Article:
Gilkey found not guilty

Mike ErwinJournal-Capital
Gilkey found not guilty

Scotty Ray Gilkey was found not guilty of felony embezzlement Friday in a district court trial that concluded a two-year ordeal for the former Pawhuska football coach.

An Osage County District Court jury of seven women and five men returned a unanimous verdict of not guilty at 2:24 p.m., just 61 minutes after leaving the courtroom to begin its deliberations. Gilkey, 39, had been facing up to five years imprisonment, if convicted.

During closing arguments, District Attorney Rex Duncan had asked jurors to assess the maximum fine ($5,000) and a restitution amount of $2,500 as a way of “sending a message” to the former coach and “hold him accountable after 26 months.”

Gilkey was accused of misappropriating a $2,500 amount from a fundraising event held more than two years ago. As stated in the state’s charge, the missing funds belonged to Pawhuska schools. However, testimony presented at the trial indicated a fireworks stand that was central to the case was never given school board approval needed to qualify it as a school fundraiser.

The football fireworks stand became a source of controversy from the time it was first proposed by the new coach, since it ostensibly would compete with another stand that had long been sponsored on behalf of PHS cheerleaders.

When Duncan told jurors that he was not asking them to put the ex-coach in jail, Aletia Timmons (Gilkey’s attorney) interrupted the DA’s statement with an objection: “I don’t want the jury to think something is on the table that is not,” she said.

Duncan had prefaced his closing remarks by saying: “You’ve got to ask yourself: Who do you believe?,” said the Osage County prosecutor. “Either he did this or the whole town cooked it up.”

Timmons referred to it as “Friday Night Lights Pawhuska,” saying she believed there was an “evil” conspiracy involving people “who were mad about him (Gilkey) being coach.”

“We don’t have a victim here — except Scotty Gilkey,” said Timmons, adding that the $2,500 amount that was alleged to have been embezzled “was the dollar limit needed to send someone to the penitentiary for five years.”

Associate District Judge B. David Gambill presided over the four-day trial. Eighteen witnesses testified, including 14 for the prosecution. The allegations against Gilkey involved proceeds from a Fourth of July fireworks stand operated in 2012 — a month after he had been hired to be the head coach at Pawhuska High School, his prep alma mater.

Although the fireworks stand started out to be a fundraiser for the football program, the status of the project became unclear after it did not receive sanctioning approval from the local school board. Among other things, there were concerns that the football stand would hurt sales for a long-standing fireworks operation held to benefit PHS cheerleaders.

Several witnesses said Gilkey had failed to share proceeds from the football stand with the cheerleading program — as he reportedly had promised to do during a June 2012 meeting of the Pawhuska Quarterback Club.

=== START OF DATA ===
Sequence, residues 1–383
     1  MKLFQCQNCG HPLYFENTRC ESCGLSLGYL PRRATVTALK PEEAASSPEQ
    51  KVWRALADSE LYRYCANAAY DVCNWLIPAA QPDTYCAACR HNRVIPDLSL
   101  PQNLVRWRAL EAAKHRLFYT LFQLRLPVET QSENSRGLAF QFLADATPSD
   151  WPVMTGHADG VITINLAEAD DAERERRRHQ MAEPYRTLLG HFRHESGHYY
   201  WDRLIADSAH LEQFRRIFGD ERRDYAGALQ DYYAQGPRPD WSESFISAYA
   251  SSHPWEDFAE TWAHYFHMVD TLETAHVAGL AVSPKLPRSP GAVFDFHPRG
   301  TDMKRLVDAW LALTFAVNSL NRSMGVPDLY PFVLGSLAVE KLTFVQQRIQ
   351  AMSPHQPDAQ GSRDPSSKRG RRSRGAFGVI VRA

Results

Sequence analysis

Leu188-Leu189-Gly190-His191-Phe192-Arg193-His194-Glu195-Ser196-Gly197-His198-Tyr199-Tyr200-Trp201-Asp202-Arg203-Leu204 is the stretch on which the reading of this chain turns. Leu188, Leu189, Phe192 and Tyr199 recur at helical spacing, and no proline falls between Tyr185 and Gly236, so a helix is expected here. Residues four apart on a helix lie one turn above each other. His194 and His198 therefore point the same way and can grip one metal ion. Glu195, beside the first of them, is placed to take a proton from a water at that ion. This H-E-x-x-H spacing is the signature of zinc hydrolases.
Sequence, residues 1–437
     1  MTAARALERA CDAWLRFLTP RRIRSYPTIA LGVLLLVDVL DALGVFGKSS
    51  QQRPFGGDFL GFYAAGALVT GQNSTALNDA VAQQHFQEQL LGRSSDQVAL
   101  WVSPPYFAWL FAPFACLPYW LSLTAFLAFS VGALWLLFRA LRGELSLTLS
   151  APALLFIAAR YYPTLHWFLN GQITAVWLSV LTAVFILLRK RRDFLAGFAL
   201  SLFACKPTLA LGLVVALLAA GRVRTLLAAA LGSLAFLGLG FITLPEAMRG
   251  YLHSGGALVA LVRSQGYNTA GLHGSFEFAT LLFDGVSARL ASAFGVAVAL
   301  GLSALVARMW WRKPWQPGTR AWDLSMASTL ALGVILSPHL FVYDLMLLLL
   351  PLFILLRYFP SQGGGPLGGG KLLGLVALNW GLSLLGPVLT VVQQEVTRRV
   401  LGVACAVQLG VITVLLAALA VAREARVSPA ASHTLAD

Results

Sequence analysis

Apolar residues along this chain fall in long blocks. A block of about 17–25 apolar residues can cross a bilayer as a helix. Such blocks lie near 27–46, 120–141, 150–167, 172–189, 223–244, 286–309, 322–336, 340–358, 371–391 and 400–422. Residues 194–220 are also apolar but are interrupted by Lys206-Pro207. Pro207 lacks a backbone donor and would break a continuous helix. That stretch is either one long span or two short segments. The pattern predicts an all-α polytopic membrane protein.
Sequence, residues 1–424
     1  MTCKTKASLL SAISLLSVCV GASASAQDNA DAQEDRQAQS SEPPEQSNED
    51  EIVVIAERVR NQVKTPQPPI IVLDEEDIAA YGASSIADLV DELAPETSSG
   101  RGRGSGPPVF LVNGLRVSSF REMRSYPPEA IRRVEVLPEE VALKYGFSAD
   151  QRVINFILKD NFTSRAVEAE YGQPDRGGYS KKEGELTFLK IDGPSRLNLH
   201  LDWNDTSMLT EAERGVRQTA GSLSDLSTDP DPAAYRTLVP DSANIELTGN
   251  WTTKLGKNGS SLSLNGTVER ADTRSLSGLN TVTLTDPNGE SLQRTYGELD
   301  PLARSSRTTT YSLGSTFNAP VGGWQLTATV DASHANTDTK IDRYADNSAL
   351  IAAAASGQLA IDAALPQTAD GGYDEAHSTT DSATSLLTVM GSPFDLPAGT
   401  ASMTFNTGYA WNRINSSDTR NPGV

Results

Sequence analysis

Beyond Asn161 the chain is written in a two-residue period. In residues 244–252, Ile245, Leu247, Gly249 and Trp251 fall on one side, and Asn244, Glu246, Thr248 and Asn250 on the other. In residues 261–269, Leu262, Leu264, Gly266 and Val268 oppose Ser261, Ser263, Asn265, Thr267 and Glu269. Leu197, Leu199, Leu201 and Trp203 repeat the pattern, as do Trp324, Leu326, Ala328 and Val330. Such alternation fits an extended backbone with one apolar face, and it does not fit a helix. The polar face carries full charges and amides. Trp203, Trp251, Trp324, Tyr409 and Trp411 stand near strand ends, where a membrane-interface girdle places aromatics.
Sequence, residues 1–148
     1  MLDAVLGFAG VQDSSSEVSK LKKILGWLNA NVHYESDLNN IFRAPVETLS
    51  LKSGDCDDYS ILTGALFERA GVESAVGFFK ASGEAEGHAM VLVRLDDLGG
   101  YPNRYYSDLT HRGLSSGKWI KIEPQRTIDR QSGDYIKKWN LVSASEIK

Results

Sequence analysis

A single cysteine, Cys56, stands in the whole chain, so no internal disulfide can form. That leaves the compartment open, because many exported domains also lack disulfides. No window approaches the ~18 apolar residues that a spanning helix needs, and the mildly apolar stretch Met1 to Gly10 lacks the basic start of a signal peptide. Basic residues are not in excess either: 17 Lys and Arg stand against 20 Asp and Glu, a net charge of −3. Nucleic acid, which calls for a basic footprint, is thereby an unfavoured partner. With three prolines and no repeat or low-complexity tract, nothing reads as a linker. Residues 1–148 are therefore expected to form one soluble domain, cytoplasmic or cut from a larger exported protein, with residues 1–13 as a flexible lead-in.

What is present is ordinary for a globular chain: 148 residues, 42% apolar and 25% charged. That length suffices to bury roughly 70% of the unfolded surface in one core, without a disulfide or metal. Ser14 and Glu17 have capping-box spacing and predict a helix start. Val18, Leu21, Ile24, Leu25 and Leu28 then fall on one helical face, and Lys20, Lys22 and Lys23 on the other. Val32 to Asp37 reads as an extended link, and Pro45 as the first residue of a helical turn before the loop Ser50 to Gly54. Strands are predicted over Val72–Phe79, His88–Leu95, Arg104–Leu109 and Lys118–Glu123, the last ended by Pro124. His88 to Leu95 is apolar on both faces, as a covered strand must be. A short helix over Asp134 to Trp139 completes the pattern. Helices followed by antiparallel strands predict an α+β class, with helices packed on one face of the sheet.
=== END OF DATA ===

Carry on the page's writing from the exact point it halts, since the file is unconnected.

Testimony alleged that the coach became evasive when he was questioned about the fireworks operation’s profits during the organization’s October meeting. Among those testifying were two PHS assistant coaches who said they had been fired by Gilkey after inquiring about the fireworks-stand funds.

Gilkey was Pawhuska’s head football coach for approximately six months before he was suspended in early November 2012 as the Huskies were preparing for a game in the state playoffs. At the request of school officials, an investigation of district finances was subsequently conducted by the Osage County Sheriff’s Office.

The felony charge, which was filed in May 2013, accused Gilkey of misappropriating approximately $2,500 in fireworks stand proceeds belonging to the school district.

However, the person who provided the fireworks stand testified he had sponsored the fundraiser because of his friendship with Gilkey. Paul Mays, Jr., said he the money wasn’t being raised for the schools, but to help Gilkey with the football program. After the school district did not support the project, Mays said it was his understanding that the Gilkey family operated the stand on their own.

The exonerated Pawhuska coach is still named in a seven-count misdemeanor embezzlement charge which also lists his wife, Jennifer Gilkey, as a defendant.

Gilkey did not testify at the trial, but he has maintained throughout the ordeal that the charges are a result of community dissatisfaction related to his handling of the PHS football program.

The ex-head coach of the Huskies admitted that part of the dissension was probably in reaction to him starting his son (then-freshman Scotty Gilkey, Jr.) at the quarterback position.

After graduating from PHS in the mid-1990s, Gilkey, Sr.,served four years in the U.S. Marine Corps before playing college football at Northeastern Oklahoma A&M and Eastern Illinois University. (At EIU, he was a teammate of Dallas Cowboy quarterback Tony Romo.)

Gilkey previously was an assistant coach with prep programs in Illinois, Bartlesville, Tulsa Washington and Union.

Two months ago, Gilkey commented about the challenging months since he was suspended at Pawhuska.

“For me,the toughest part is not being able to coach my son,” Gilkey said.

Gilkey, Jr., played for the Jenks program last season and he is now a varsity quarterback at Broken Arrow.